These are all birth pains. In our fallen world it takes a long, long labor of birth pains before the time for a new world comes. And yet, Jesus says, “Keep watch!” (Matthew 24:42)

It’s very simple. There is harassment, persecution, evil, lovelessness, danger, injustice, cruelty, violence, humans setting up humans and governments higher than God, and it goes on and it gets worse, until Jesus comes, for all the world to see and hear. Then Jesus will bring the new world.
Jesus’ warning about the abomination tells us that the church will be around to see people and governments setting themselves up in the place of God many times. The lesson about getting away from the places where people are playing God is that, no matter what outrages are committed in this world, if we listen to Jesus, if we are faithful to him, we will get through it. He will take care of us, and we (and the church) will survive to stand and see him come in glory to make the earth new.

Each birth pain is outrageous. Each one hurts. Each one may hurt millions and tens of millions of people, and more. Jesus says: “Don’t be alarmed. Don’t panic! Don’t act like it’s the end of the world.”

I remember my dad telling me many times: it’s not the end of the world.
To avoid being alarmed, when Jesus warns us against being alarmed, Christians seem to have created the ability to combine two strange substances: joy and calculation. Christians live in a state of joyful calculation so much of the time. I believe this comes from reading too much into what is relatively simple. Some people count earthquakes, and wars, and calculate their increase, or their rate of acceleration, in order to create a sign that Jesus is on the threshold.

When Jesus said not to be alarmed at the birth pains, we manage to make our calculations into a sign, even though Jesus didn’t say that the elements of our calculation were a sign. We claim we are not alarmed, but we make our joyful calculations, and so we get around the warnings of Jesus.

I recently heard about some cases, in the Pacific northwest, where school kids have been told not to wear crosses to school. We are living in America, where we have freedom of religion and freedom of expression. We have the right to resist, and go to court, and have our representatives make laws to remedy stuff like this. But I sense outrage and not love in this.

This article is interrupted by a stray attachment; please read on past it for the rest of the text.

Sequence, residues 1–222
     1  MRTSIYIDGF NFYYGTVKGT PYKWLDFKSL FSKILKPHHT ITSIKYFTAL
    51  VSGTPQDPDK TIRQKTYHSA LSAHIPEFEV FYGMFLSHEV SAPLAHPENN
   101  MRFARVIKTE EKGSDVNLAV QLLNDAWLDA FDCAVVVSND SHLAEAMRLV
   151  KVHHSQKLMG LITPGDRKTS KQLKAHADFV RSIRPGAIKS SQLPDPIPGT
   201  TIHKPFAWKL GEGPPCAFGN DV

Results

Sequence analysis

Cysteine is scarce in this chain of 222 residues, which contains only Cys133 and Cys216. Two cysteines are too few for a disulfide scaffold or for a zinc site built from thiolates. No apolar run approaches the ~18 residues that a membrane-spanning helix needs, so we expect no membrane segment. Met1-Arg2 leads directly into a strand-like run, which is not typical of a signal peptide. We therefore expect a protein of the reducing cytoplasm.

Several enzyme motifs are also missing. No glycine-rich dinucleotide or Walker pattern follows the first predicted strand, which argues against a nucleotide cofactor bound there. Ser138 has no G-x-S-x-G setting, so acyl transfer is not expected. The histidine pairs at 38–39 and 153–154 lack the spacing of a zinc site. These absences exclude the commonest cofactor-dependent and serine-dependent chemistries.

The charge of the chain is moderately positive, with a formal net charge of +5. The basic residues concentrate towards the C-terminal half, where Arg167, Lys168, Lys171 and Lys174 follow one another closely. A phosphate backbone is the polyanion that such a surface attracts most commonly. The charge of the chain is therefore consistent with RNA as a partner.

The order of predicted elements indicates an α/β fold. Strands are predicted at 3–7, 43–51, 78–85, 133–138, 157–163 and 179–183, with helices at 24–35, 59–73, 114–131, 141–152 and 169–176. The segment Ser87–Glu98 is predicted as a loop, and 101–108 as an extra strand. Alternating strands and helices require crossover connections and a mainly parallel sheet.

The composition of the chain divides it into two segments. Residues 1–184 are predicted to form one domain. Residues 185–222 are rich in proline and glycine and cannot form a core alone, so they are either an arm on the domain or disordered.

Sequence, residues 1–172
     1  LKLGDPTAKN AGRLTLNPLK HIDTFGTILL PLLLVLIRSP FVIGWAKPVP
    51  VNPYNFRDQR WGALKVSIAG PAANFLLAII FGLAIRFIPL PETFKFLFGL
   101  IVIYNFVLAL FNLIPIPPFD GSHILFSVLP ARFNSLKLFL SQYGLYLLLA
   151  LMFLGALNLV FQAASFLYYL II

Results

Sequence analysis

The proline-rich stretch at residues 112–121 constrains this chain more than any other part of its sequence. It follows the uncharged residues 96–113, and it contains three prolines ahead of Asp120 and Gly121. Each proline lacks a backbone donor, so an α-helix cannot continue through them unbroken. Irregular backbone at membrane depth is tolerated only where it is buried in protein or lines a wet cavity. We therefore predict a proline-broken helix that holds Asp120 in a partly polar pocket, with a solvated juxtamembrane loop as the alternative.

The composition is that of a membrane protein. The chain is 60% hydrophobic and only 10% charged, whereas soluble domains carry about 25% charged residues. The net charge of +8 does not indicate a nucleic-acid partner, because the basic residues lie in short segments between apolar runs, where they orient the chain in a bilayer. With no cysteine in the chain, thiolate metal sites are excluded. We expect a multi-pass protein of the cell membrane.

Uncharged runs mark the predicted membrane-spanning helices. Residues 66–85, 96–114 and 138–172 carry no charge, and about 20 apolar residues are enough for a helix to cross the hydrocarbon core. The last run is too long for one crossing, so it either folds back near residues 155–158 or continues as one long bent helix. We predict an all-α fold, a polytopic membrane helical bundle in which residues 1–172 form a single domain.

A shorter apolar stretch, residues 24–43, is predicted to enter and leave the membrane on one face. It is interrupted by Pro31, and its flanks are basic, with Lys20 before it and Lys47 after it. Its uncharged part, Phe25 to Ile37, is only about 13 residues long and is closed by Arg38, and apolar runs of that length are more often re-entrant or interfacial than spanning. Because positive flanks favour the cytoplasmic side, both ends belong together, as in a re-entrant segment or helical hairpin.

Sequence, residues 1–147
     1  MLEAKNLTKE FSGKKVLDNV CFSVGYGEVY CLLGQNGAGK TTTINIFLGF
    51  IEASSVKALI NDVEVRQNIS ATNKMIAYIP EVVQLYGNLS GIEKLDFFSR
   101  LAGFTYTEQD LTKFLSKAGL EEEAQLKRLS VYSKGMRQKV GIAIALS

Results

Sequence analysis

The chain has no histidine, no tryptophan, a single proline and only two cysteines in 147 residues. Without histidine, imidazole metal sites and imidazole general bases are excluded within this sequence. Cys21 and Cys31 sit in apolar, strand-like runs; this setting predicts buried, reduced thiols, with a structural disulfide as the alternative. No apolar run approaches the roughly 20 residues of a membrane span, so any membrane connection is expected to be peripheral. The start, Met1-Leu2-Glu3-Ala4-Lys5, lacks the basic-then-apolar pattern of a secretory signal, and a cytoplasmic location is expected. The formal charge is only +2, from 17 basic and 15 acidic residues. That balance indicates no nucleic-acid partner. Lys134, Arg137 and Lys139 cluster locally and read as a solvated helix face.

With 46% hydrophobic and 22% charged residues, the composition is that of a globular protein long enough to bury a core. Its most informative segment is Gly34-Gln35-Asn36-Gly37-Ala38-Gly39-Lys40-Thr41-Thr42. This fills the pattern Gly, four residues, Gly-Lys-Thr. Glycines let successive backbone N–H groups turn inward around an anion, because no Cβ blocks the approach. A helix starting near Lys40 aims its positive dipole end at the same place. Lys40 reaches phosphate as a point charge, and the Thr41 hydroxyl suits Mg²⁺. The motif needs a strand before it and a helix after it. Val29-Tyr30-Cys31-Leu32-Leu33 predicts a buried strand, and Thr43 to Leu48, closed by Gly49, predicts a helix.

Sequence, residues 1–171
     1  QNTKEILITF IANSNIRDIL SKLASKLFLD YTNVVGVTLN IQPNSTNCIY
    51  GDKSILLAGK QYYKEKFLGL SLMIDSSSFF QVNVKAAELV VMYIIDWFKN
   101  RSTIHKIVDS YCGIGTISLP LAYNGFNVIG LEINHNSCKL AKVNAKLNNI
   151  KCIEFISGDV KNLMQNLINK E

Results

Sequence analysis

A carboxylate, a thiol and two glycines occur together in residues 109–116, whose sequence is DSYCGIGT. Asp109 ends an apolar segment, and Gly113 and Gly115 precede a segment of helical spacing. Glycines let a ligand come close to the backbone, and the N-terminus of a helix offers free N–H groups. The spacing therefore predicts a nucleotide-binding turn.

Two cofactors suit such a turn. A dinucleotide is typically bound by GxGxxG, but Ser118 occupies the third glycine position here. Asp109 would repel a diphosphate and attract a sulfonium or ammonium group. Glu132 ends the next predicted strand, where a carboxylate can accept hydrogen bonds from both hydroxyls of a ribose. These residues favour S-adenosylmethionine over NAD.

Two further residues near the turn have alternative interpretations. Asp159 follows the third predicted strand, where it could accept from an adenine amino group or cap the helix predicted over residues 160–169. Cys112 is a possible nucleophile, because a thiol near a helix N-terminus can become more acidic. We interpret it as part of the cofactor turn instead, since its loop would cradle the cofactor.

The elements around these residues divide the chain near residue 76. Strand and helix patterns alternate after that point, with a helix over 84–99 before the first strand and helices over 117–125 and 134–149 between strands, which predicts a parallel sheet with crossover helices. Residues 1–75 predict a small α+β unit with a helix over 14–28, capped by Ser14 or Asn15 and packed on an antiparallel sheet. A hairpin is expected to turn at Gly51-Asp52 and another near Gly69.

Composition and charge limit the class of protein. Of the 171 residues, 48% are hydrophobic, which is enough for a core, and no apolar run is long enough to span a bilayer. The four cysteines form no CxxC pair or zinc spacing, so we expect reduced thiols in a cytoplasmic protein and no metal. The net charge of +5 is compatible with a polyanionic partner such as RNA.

It can be done in love and it should be done in love. Where cross wearers are outraged they are not acting like Christians. They are showing alarm at the birth pains just as Jesus told us not to do.

Jesus said, “Because of the increase of wickedness, the love of most will grow cold.” (Matthew 24:12) Jesus warns us not to be deceived. (Matthew 24:4) But here is a case where the world is deceiving us and making us not the people who stand firmly in the love of Jesus. And then, again, it also proves that we have not really stopped being alarmed. We have only disguised our alarm.

Sometimes Christians will talk about being taken up to be with Jesus before the trouble gets too tough. But why should any Christian want that? Why except for the fact that we don’t want to get hurt. We don’t want to suffer.

Some of the families of the Egyptian Christians whose relatives were recently killed in Libya were thankful for one of the things that the ISIS executioners did. The people who recorded the execution did not mute the shouts of the Christians, about to be killed, praising the name of Jesus. Their families at home were thankful for this.

That is real Christianity. What we call “The Great Tribulation” will be a great honor. Paul would agree, because this is what he wrote to his friends in Philippi, “It has been granted to you, on behalf of Christ, not only to believe on him, but also to suffer for him.” (Philippians 1:29)

Remember, this was on behalf of Christ, who suffered for our sins on the cross. His suffering is our salvation. It also “leaves us with an example that we should follow in his steps.” (1 Peter 2:21) Of course it is a gift to suffer for Jesus.

I don’t think I’ve made this too complicated. But I’ve said more than enough for now.
We live in a world full of birth pains. Those pains have been going on for a long time. It is a long, long labor. It is not a labor for one child, but for a whole new world where everyone will be there by patience, and by repentance, and by endurance. It will be a safe world at last, shaped by the timing of the Father, and by the servanthood, and the cross, and the resurrection of the Son.

Don’t be alarmed. Don’t grow less in love. Don’t let your love grow cold. Don’t be deceived into losing your Jesus-way of thinking. Don’t lose your Jesus-say of responding to the world, and to others, in patience and love.

Keep reading Jesus’ long answer to the end and see the simple way he wants you to be ready. Be ready to wait. Be ready to put what Jesus gives you to good use. Be ready to live in a world that doesn’t love you and makes it hard for you. And especially be ready to care for the people who seem to count the least, because those are the people whom Jesus calls his brothers and sisters.